Marijuana is a euphoriant that can cause sedation or dysphoria in some users. Overdose does not occur. Psychologic dependence can develop with chronic use, but very little physical dependence is clinically apparent. Withdrawal is uncomfortable but requires only supportive treatment.
Marijuana is the most commonly used illicit drug; it is typically used episodically without evidence of social or psychologic dysfunction.
In the US, marijuana is commonly smoked in cigarettes, made from the flowering tops and leaves of the dried plant, or as hashish, the pressed resin of the plant. Much less commonly, marijuana is taken orally. Dronabinol, a synthetic oral form of the active ingredient, Δ-9-tetrahydrocannabinol (THC), is used to treat nausea and vomiting associated with cancer chemotherapy and to enhance appetite in AIDS patients.
Δ-9-THC binds at cannabinoid receptors, which are present throughout the brain.
Any drug that causes euphoria and diminishes anxiety can cause dependence, and marijuana is no exception. However, heavy use and reports of inability to stop are unusual. Critics of marijuana cite much scientific data regarding adverse effects, but most claims of significant biologic effect are unsubstantiated. Findings are sparse even among relatively heavy users and in areas intensively investigated (eg, immunologic and reproductive function). However, high-dose smokers develop pulmonary symptoms (episodes of acute bronchitis, wheezing, coughing, and increased phlegm), and pulmonary function may be altered, manifested as large airway changes of unknown significance. Even daily smokers do not develop obstructive airway disease. There is no evidence of increased risk of head and neck or airway cancers, as there is with tobacco. In a few case-control studies, diminished cognitive function was identified in small samples of long-term high-dose users; this finding needs to be confirmed. A sense of diminished ambition and energy is often described.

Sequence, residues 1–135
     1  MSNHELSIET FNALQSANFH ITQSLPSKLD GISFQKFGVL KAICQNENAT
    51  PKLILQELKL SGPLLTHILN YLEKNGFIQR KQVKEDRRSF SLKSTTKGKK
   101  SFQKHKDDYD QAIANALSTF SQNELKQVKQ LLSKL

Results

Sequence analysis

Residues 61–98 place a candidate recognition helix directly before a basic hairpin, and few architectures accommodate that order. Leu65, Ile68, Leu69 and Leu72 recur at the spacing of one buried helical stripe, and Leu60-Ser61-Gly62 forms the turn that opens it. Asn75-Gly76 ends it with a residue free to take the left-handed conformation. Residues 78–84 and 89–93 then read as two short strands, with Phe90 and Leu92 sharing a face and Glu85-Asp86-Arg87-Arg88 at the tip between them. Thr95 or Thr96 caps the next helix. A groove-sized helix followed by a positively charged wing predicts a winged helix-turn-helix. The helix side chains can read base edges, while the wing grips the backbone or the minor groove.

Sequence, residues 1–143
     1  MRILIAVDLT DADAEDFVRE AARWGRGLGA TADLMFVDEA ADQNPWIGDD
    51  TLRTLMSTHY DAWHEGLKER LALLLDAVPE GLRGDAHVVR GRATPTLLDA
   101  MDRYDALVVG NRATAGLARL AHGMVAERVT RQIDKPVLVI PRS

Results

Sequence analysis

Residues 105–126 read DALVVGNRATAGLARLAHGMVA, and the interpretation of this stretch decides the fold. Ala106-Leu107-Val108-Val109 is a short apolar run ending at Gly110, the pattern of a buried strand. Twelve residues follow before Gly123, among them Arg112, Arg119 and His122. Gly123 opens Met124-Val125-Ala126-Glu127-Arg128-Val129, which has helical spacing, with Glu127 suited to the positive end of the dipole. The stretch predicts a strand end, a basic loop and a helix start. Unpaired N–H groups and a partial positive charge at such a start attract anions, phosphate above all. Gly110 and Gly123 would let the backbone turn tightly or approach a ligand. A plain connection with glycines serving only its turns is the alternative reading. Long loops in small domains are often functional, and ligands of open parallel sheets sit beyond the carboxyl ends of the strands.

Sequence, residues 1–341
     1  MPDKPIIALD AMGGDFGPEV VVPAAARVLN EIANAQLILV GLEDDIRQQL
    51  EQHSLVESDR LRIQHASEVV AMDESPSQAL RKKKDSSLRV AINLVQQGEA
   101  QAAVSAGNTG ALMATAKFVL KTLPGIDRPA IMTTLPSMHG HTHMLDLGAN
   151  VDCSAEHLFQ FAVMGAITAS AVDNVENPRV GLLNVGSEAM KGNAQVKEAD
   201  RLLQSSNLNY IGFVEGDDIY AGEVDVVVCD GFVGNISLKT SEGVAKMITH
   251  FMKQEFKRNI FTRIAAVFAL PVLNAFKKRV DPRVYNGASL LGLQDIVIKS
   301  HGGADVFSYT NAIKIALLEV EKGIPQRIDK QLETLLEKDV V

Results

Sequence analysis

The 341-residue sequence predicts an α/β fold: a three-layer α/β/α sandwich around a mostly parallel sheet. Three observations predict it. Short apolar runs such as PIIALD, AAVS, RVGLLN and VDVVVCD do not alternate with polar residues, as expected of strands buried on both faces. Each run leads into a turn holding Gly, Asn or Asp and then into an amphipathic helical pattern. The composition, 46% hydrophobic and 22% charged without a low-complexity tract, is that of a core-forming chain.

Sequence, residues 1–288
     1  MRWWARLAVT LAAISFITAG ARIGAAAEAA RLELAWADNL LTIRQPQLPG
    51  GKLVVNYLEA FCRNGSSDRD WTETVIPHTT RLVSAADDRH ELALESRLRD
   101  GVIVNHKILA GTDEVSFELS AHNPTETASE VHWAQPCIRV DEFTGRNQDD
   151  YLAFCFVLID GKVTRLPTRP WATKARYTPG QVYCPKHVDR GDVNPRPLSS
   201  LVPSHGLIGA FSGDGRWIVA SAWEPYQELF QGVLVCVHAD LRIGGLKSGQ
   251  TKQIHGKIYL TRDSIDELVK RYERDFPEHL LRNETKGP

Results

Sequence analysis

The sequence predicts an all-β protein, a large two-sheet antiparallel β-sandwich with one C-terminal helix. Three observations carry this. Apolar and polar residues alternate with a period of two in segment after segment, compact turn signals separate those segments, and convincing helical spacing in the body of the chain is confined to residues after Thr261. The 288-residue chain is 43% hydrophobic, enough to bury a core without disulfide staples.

The effect of prenatal marijuana use on neonates is not clear. Decreased fetal weight has been reported, but when all factors (eg, maternal alcohol and tobacco use) are accounted for, the effect on fetal weight appears less. THC is secreted in breast milk. Although harm to breastfed infants has not been shown, breastfeeding mothers, like pregnant women, should avoid using marijuana.
Symptoms and Signs
Intoxication and withdrawal are not life threatening.
Within minutes, smoking marijuana produces a dreamy state of consciousness in which ideas seem disconnected, unanticipated, and free-flowing. Time, color, and spatial perceptions may be altered. In general, intoxication consists of a feeling of euphoria and relaxation (a high). These effects last 4 to 6 h after inhalation.
Many of the other reported psychologic effects seem to be related to the setting in which the drug is taken. Anxiety, panic reactions, and paranoia have occurred, particularly in naive users. Marijuana may exacerbate or even precipitate psychotic symptoms in schizophrenics, even those being treated with antipsychotics.
Physical effects are mild in most patients. Tachycardia, conjunctival injection, and dry mouth occur regularly. Concentration, sense of time, fine coordination, depth perception, tracking, and reaction time can be impaired for up to 24 h—all hazardous in certain situations (eg, driving, operating heavy equipment). Appetite often increases.
Cessation after 2 to 3 wk of frequent, heavy use can cause a mild withdrawal syndrome, which typically begins about 12 h after the last use. Symptoms consist of insomnia, irritability, depression, nausea, and anorexia; symptoms peak at 2 to 3 days and last up to 7 days.
Diagnosis is usually made clinically. Drug levels are not measured. Most routine urine drug screens include marijuana (see Drug Testing).
Treatment is usually unnecessary; for patients experiencing significant discomfort, treatment is supportive. Management of abuse typically consists of behavioral therapy in an outpatient drug treatment program.
Last full review/revision July 2008 by Patrick G. O'Connor, MD, MPH
Content last modified September 2013